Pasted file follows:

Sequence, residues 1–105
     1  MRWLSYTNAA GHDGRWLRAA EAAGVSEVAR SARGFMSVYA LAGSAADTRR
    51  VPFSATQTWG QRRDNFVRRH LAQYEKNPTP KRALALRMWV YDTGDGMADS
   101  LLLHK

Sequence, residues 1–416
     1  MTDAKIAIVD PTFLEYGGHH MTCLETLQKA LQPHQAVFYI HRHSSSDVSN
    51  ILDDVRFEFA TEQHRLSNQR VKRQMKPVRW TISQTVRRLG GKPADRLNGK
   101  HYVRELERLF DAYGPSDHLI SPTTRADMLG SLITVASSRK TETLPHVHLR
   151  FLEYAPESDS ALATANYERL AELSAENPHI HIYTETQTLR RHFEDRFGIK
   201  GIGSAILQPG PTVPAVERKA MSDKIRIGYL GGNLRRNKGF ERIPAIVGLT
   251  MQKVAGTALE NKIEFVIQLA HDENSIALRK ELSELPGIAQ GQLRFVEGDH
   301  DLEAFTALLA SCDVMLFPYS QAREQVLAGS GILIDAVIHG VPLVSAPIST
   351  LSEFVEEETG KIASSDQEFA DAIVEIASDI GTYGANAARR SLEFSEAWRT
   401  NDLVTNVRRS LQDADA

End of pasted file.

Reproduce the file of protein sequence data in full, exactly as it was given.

Sequence, residues 1–105
     1  MRWLSYTNAA GHDGRWLRAA EAAGVSEVAR SARGFMSVYA LAGSAADTRR
    51  VPFSATQTWG QRRDNFVRRH LAQYEKNPTP KRALALRMWV YDTGDGMADS
   101  LLLHK

Sequence, residues 1–416
     1  MTDAKIAIVD PTFLEYGGHH MTCLETLQKA LQPHQAVFYI HRHSSSDVSN
    51  ILDDVRFEFA TEQHRLSNQR VKRQMKPVRW TISQTVRRLG GKPADRLNGK
   101  HYVRELERLF DAYGPSDHLI SPTTRADMLG SLITVASSRK TETLPHVHLR
   151  FLEYAPESDS ALATANYERL AELSAENPHI HIYTETQTLR RHFEDRFGIK
   201  GIGSAILQPG PTVPAVERKA MSDKIRIGYL GGNLRRNKGF ERIPAIVGLT
   251  MQKVAGTALE NKIEFVIQLA HDENSIALRK ELSELPGIAQ GQLRFVEGDH
   301  DLEAFTALLA SCDVMLFPYS QAREQVLAGS GILIDAVIHG VPLVSAPIST
   351  LSEFVEEETG KIASSDQEFA DAIVEIASDI GTYGANAARR SLEFSEAWRT
   401  NDLVTNVRRS LQDADA